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dc.contributor.advisorFalby, John S.
dc.contributor.advisorDarken, Rudolph P.
dc.contributor.authorBernatovich, David.
dc.dateSeptember, 1999
dc.date.accessioned2012-09-07T15:35:19Z
dc.date.available2012-09-07T15:35:19Z
dc.date.issued1999-09
dc.identifier.urihttp://hdl.handle.net/10945/13660
dc.description.abstractIt is unclear what impact presence has on a virtual environment's (VE) ability to enhance learning and performance. Currently, there are many theories and conjectures about the effects of presence in VEs. To better the effectiveness of VEs, it is imperative that we determine the impact, both positive and negative, of presence on our ability to perform in VEs. Therefore, we must study how presence affects a person' ability to acquire skills and knowledge. This must include our ability to navigate and perform spatial tasks as well as any other aspect of the real world that may be represented by a VE. To begin understanding how presence affects performance, forty individuals participated in an experiment to determine how presence affects the ability to acquire spatial knowledge in a VE. The purpose of the experiment was to determine if the level of presence in a VE increased or decreased a person's ability to acquire spatial knowledge, to include landmark recognition, procedural knowledge, and survey knowledge. Each participant received one of the following VE treatments: (1) No Sound, (2) Verbal cues with topical information, (3) Verbal cues with spatial information, or (4) a Combination of both topical and spatial information. They were then administered a series of spatial tests. Finally, they were given a presence questionnaire to measure their self assessed level of presence. The results indicate that as the level of presence in the VE varies, there is no effect on a person's ability to acquire spatial knowledge. A person's spatial performance is more likely the result of their innate spatial abilities and visual memory. Additionally, including non-specialized sound in a VE increased the reported level of presence by 15.1 percent. When that sound was exclusively related to the primary task the level of presence increased by 17 percent. Finally, the inclusion of non-specialized sound has no affect on the ability to perform spatial tasks.en_US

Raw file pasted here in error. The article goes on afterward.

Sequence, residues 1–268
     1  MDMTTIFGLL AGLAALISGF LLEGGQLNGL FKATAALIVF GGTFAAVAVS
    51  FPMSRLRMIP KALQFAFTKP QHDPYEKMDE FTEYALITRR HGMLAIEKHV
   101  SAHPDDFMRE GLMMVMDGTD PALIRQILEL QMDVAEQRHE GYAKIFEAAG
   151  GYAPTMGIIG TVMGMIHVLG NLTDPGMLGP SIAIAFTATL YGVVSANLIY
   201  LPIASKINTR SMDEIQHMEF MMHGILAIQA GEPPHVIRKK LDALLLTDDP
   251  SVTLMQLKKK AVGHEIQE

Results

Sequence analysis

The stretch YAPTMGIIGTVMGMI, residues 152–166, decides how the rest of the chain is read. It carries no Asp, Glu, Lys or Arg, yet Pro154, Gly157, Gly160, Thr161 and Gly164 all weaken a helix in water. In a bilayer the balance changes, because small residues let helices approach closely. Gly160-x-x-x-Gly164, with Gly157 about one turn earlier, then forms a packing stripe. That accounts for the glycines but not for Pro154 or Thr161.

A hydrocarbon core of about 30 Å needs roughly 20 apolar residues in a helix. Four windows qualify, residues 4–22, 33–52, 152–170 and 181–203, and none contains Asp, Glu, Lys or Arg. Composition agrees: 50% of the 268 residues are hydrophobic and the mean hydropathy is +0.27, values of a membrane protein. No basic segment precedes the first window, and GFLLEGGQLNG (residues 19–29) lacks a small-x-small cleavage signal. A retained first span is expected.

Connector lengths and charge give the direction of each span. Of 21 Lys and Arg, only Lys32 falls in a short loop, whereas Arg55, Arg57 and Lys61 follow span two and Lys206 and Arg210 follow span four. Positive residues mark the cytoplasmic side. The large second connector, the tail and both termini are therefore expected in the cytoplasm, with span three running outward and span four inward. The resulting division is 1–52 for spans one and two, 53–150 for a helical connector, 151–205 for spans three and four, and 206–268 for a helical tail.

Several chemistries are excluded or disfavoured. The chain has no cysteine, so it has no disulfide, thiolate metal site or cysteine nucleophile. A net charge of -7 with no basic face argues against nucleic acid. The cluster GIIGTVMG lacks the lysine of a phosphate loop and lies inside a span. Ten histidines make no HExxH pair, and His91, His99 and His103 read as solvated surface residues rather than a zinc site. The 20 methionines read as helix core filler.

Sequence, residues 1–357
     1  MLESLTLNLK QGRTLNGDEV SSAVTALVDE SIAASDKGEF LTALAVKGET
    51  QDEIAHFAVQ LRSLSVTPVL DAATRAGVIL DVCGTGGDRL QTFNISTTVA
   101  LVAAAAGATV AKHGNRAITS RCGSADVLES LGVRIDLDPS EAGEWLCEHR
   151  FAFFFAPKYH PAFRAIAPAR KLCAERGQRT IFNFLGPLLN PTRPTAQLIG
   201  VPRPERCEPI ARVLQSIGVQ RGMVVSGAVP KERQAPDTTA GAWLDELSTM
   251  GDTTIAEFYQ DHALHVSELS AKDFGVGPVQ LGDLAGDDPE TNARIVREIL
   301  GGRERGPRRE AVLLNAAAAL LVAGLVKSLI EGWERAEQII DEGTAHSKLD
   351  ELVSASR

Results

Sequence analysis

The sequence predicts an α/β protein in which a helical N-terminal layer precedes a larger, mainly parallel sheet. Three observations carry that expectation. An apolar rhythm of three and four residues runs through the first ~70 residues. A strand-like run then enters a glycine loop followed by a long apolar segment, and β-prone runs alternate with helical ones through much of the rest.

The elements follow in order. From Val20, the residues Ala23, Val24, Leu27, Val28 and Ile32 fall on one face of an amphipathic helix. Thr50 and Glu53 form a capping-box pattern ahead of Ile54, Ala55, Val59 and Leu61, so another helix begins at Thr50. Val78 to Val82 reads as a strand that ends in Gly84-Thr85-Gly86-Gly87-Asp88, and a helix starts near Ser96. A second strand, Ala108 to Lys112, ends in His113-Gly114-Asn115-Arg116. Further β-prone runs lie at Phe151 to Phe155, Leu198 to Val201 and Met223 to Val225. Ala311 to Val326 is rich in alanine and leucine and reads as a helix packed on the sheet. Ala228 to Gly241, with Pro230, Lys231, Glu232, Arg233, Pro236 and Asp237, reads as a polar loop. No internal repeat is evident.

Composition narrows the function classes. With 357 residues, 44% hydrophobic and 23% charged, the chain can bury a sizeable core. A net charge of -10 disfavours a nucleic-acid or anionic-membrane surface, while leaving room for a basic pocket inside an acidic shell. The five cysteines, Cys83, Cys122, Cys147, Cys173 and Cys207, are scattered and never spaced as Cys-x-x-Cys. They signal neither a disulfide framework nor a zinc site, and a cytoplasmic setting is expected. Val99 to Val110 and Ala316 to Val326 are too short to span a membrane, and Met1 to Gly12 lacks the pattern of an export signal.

dc.description.urihttp://archive.org/details/theeffectofprese1094513660
dc.format.extentxii, 112 p.;28 cm.en_US
dc.language.isoen_US
dc.publisherMonterey, California. Naval Postgraduate Schoolen_US
dc.rightsApproved for public release, distribution unlimiteden_US
dc.titleThe effect of presence on the ability to acquire spatial knowledge in virtual environmentsen_US
dc.typeThesisen_US
dc.contributor.corporateNaval Postgraduate School
dc.description.serviceU.S. Marine Corps (U.S.M.C.) author.en_US
etd.thesisdegree.nameM.S. in Computer Scienceen_US
etd.thesisdegree.levelMastersen_US
etd.thesisdegree.disciplineComputer Scienceen_US
etd.thesisdegree.grantorNaval Postgraduate Schoolen_US


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